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Dear Miss Demeanor [Mass Market Paperback]

Joan Hess
4.1 out of 5 stars  See all reviews (7 customer reviews)

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Book Description

Dec 15 1990 Claire Malloy Mysteries
The scandals mount in Farberville, Arkansas when a respected teacher is fired for pilfering petty cash and suggestive letters are sent to the local advice columnist. Murder of the high school principal is absolutely the last straw, and Claire Malloy, in her third outing in this acclaimed mystery series, gets a notion to do some detecting. But the killer is still out there and has some unfinished business....
"Hess's books are funny, acerbic, touching, terrific."
Elizabeth Peters

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Product Description


"Hess's books are funny, acerbic, touching, terrific." --Elizabeth Peters

"Joan Hess is one very funny woman." --Susan Dunlap

"Joan Hess is the funniest mystery writer to come down the pipe since England's incomparable Pamela Branch. And oh, how well Joan writes." --Carolyn G. Hart
--This text refers to an alternate Mass Market Paperback edition.

From the Publisher

"Hess's books are funny, acerbic, touching, terrific." -Elizabeth Peters --This text refers to an alternate Mass Market Paperback edition.

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First Sentence
Caron and Inez skittered into the Book Depot like bumper cars gone berserk. Read the first page
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Customer Reviews

4.1 out of 5 stars
4.1 out of 5 stars
Most helpful customer reviews
4.0 out of 5 stars Just cute little stories March 29 2004
I got started on Joan Hess books from her Arly Hanks Maggody series (fantastic books). These are not as good but still quite entertaining little stories. The books are never more then 225 pages and are easy reading. The dialogue between Claire and her daughter is worthy enough to be a SNL skit. These books will not make you think but they will make you laugh.
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5.0 out of 5 stars The Book That Got Me Hooked Feb. 5 2004
Format:Mass Market Paperback
I picked this book up at a school book sale amidst piles of paperbacks that had been donated for their fundraiser. The witty writing, light but intelligent style, and intriguing mystery combine to make a great, fast read.
Hess' humor is so enjoyable, and I love the fact that Claire Malloy is a bookstore owner and that the series has nothing to do with cooking. Hess is definitely a unique voice in the mystery world.
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4.0 out of 5 stars Witty sleuthing in small-town US Nov. 2 2003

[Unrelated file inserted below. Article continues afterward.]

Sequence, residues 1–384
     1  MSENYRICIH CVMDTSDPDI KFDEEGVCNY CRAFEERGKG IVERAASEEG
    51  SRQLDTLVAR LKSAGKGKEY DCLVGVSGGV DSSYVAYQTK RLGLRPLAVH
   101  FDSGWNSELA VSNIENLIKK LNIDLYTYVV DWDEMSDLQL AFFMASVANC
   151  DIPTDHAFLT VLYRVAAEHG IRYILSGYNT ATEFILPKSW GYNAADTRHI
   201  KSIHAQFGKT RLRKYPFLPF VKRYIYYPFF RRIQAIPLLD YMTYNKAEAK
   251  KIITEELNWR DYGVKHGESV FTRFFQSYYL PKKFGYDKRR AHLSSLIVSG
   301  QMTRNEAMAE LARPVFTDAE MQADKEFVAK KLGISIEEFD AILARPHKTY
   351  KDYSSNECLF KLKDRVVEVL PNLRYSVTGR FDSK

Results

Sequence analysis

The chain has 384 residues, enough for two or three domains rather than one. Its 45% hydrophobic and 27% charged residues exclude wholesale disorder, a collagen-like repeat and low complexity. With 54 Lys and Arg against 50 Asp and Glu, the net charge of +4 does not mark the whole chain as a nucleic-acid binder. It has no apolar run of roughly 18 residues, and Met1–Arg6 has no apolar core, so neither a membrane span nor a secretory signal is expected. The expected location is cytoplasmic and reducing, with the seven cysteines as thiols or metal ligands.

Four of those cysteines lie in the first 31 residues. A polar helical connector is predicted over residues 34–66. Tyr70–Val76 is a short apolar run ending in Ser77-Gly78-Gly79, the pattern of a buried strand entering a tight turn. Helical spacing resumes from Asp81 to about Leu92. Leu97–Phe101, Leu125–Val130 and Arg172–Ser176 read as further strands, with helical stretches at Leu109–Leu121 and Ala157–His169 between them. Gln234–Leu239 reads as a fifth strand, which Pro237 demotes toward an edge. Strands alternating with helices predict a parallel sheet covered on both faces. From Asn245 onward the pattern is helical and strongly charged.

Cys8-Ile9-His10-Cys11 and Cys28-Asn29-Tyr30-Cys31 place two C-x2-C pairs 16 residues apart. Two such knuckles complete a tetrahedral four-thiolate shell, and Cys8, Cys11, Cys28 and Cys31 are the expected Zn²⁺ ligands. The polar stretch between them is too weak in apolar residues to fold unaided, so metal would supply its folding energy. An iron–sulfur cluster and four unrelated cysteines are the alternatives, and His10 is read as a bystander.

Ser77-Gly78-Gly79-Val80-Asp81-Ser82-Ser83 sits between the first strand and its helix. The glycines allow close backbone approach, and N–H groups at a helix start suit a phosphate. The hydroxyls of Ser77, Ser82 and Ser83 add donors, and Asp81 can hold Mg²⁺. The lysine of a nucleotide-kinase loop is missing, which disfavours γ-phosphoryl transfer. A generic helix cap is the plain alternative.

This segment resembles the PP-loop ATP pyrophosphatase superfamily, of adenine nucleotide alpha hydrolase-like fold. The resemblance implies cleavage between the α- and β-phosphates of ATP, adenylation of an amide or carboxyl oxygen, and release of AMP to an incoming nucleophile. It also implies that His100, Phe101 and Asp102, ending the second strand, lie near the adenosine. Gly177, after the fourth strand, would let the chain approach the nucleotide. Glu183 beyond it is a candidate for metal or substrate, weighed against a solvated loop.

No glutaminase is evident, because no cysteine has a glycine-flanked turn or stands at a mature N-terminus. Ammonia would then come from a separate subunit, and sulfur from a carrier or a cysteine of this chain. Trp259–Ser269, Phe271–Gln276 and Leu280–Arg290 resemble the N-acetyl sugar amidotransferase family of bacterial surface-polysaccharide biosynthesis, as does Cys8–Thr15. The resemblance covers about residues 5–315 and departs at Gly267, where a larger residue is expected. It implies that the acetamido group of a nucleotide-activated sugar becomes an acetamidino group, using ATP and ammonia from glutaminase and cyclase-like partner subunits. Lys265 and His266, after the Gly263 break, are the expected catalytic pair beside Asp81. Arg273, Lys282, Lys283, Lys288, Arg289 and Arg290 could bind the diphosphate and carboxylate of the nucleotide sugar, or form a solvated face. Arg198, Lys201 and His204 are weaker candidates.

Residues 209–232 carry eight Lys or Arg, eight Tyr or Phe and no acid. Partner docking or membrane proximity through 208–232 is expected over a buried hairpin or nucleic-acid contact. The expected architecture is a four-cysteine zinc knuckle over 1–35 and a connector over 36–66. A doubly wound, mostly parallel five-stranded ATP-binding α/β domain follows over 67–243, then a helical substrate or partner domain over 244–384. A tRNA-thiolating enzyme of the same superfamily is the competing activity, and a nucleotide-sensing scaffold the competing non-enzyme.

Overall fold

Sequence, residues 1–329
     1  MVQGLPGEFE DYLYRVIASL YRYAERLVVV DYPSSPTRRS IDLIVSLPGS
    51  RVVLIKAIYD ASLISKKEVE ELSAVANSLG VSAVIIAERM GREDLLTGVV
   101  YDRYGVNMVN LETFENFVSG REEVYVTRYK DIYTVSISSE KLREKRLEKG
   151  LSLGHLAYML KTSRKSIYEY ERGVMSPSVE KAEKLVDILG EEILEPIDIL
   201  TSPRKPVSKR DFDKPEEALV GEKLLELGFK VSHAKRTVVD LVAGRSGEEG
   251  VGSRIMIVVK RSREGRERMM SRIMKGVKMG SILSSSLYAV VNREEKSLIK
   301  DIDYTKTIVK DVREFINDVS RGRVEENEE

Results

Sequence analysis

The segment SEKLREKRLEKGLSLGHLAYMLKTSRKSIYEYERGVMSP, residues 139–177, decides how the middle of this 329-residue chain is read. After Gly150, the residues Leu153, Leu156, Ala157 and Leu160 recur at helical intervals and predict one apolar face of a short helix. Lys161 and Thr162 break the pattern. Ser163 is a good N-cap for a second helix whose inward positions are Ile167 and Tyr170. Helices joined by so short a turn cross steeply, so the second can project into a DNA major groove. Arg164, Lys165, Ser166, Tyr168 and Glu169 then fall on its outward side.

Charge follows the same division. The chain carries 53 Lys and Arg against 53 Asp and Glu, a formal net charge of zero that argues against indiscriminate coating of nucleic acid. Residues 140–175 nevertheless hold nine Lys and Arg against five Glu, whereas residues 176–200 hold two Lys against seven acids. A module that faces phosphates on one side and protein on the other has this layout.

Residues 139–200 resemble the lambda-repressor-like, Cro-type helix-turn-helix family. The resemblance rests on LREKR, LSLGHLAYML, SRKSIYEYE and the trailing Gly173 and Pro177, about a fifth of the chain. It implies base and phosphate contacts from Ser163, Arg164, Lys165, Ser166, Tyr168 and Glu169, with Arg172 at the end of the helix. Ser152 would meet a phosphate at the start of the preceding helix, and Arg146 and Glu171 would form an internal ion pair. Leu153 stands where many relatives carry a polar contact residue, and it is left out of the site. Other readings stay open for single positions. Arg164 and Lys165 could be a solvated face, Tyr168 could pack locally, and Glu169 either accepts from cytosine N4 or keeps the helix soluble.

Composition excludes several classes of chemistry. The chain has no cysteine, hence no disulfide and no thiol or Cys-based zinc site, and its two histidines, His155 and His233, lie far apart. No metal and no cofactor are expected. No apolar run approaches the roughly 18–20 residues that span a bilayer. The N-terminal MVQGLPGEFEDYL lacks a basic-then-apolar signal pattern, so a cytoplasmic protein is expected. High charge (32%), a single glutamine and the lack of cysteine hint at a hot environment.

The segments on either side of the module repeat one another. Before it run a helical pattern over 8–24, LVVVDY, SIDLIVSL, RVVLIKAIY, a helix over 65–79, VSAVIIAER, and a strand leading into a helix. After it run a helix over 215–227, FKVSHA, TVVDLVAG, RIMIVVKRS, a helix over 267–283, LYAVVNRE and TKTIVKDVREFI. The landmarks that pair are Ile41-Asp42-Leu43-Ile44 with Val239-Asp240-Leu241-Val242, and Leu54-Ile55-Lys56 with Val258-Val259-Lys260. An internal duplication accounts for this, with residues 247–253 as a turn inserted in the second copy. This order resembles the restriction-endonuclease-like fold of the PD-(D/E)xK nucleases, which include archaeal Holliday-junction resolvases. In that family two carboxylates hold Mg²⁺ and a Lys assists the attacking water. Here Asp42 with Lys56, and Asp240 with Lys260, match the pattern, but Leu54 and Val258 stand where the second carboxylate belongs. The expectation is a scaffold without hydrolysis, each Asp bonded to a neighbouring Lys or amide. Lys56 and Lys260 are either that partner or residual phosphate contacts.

Format:Mass Market Paperback
Book Depot owner Claire Malloy, the recreational sleuth of Faberville, is urged by her daughter Caron to investigate the dismissal of an elderly spinster journalism-teacher at Faberville High: Miss Parchester, the daughter of a former judge of the Supreme Court, was accused of embezzling petty cash from the journalism-fund of Faberville High.
Suddenly the ghastly prinicipal of Fabervile High as well as the nasty janitor/custodian are poisoned and naturally old Miss Parchester seems to be the culprit. However, several of the teaching staff seem to have a motif to quieten the principal and/or the janitor.
Substituting in teaching Claire does her bit of sleuthing in order to solve the crimes.
As I have mentioned before, this book is not a thriller. Claire Malloy is a witty person, however, and has to cope with raising a teenage daughter mostly always speaking in capital letters and therefore is nearly incessantly involed in "adolescent melodrama" (p. 3). Yet another funny tidbit is Claire's relationship to local CID-boss Peter Rosen who seems to be a hunk, but a bit clumsy when it comes to investigating.
Result: The right book, if you want to spend an afternoon chuckling in front of the fireplace or in the garden.
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4.0 out of 5 stars Dear Miss Demeanor Feb. 4 2002
Format:Mass Market Paperback
This book was saucy and I enjoyed it very much. Until the ending. I was left feeling as though it wasn't finished. But there wasn't any conclusion concerning Miss Dort, and Miss hart's fickle boyfriend. Miss Dort, helped the now dead principle with a crime, and I feel that before the book ended, they both should have been dealth with. So although I liked the book, I certainly didn't like the ending, it didn't solve anything. I hope in one of her future books she will take care of this. anna cook
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